City Grant for Small Businesses Has Cincinnati Pop-Up Shop Bursting at Seams

The newest business in Cincinnati is bursting at the seams, thanks to a grant from the city’s Department of Community and Economic Development which has enabled a woman entrepreneur to join the ranks of neighborhood pop-up shops.

Prior to her grand opening a couple of weeks ago, Corless Berry had operated her boutique, ChoZen 4 U, out of her home, where an inventory of unique, high-quality affordably priced apparel had begun to take over her living and dining rooms.

Berry said the grant, which offers up to $1,000 to small businesses to help with rent and non-structural needs, will give her the opportunity to pursue her passion and impact women and their style of dress in a much larger space.

Libby Hikind, founder and CEO of, said identifying funding other than loans can be a challenge for small business owners.  The SBA doesn’t give grants to start or expand most businesses. Through the SBA limited grants are available for exporting, as well as research and development.

Small businesses, particularly, those that will aid the community, can find grants from federal, state and local agencies, as well as foundations and corporations on GrantWatch.

Grants are available to for-profit organizations across the United States for agricultural or health-related research, creating educational opportunities in computer science for PreK-12 students, or for developing certificate and training programs in worker safety and health, among others. Local grants are generally less competitive and can be applied to a variety of initiatives including the purchase of new equipment, advertising and marketing, product launches, upgrading technology, hiring additional employees and expanding inventory.

Many city officials including leaders in Cincinnati believe that small businesses are still the engines for local growth and have incorporated creative new ways into their economic development strategies to promote more fledgling enterprises.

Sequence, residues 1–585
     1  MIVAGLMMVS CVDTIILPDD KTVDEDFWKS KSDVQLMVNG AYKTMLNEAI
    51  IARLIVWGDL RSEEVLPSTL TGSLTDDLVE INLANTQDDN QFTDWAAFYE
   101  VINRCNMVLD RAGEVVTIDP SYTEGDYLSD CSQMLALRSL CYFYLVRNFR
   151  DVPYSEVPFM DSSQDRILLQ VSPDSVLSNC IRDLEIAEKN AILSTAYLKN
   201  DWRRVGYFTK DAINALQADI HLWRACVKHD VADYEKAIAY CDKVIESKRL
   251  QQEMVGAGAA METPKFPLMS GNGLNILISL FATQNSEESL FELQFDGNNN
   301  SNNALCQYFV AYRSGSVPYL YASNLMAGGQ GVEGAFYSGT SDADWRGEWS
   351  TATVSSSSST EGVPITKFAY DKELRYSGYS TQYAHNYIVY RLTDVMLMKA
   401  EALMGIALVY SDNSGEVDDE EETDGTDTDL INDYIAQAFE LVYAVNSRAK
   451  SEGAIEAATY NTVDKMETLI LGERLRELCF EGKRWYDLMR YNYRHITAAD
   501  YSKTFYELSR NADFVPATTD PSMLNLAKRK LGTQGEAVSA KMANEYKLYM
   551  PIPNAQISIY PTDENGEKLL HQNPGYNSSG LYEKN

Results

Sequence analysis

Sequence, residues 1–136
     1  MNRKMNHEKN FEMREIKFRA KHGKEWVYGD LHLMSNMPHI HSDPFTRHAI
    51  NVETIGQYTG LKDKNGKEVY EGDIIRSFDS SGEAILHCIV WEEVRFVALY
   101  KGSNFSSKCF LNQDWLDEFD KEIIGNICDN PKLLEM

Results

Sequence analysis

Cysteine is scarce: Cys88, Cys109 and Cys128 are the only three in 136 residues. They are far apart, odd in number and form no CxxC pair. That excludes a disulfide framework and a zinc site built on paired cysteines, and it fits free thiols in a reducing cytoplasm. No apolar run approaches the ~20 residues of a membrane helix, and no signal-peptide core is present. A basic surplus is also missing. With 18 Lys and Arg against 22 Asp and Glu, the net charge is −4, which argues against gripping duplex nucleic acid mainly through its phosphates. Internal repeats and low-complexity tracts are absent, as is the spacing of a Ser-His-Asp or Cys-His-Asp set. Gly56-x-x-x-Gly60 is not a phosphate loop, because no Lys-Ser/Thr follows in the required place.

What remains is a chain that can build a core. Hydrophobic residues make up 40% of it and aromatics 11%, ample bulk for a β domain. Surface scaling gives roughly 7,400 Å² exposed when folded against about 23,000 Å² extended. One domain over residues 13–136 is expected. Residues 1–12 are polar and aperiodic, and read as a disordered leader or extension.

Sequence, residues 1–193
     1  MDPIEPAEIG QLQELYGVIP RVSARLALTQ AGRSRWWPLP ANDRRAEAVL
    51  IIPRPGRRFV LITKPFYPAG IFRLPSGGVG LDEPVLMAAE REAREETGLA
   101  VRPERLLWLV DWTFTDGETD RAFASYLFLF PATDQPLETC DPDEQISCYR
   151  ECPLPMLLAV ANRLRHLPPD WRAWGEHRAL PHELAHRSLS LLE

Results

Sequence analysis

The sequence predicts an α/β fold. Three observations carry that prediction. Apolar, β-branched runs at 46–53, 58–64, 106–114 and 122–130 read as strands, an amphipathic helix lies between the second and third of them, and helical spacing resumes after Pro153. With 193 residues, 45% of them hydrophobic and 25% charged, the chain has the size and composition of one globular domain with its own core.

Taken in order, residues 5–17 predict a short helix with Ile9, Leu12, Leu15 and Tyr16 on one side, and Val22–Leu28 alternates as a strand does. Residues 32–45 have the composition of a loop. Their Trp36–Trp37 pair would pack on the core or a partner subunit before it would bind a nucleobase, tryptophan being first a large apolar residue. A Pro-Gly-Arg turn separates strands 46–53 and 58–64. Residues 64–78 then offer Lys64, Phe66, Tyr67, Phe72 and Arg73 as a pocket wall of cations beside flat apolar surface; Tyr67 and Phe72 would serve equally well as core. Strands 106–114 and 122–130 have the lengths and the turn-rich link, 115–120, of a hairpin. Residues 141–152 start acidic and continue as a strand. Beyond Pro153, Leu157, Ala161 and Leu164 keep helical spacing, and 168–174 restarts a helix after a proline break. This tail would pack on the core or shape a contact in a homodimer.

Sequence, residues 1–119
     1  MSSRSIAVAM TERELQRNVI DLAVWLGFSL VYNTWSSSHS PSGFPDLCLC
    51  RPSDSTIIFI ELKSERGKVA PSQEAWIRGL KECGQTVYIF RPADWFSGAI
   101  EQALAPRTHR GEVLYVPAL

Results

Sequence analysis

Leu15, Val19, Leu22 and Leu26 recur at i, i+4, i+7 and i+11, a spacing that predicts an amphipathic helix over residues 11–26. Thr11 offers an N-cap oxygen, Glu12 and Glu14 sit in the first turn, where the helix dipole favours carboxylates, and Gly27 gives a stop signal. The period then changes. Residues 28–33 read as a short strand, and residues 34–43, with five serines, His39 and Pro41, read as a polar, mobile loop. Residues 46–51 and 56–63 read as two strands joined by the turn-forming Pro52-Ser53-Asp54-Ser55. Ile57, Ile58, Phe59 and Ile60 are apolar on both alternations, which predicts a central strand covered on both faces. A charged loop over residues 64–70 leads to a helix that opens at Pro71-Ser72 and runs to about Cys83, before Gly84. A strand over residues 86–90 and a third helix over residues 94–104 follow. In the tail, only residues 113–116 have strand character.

From Los Angeles to London, pop-up shops emerged on the small business landscape almost two decades ago to help ambitious online merchants thwart the spiraling costs of rent. Since then, entrepreneurs have taken advantage of closed urban storefronts to establish temporary sites to showcase products — often those from large and established brands – reach new customers and test a unique physical environment.

The Cincy Pop Shop program was established two years ago to connect entrepreneurs, artists and small businesses owners with local property owners to fill vacant spaces and activate neighborhoods across the city. The grants provide low-risk support for owners who have had trouble finding accessible, affordable and flexible space needed to create and expand their small businesses

Similar approaches have popped up elsewhere including Battle Creek, Mich., where the city’s Small Business Development Office has purchased seven shipping containers, each about 160 square feet, to be used as retail space. The BC Pop-Up Shops is a pilot program that hopes to give startup businesses a softer entry into the downtown market by reducing the cost to operate within the district. Each shop, which will be outfitted with electric heating and air conditioning and interior and exterior lighting, will lease for $1,645 for an entire seven-month period and include utilities and membership in the Battle Creek Area Chamber of Commerce. The goal is for participating shops to eventually transition to more permanent locations in Battle Creek.

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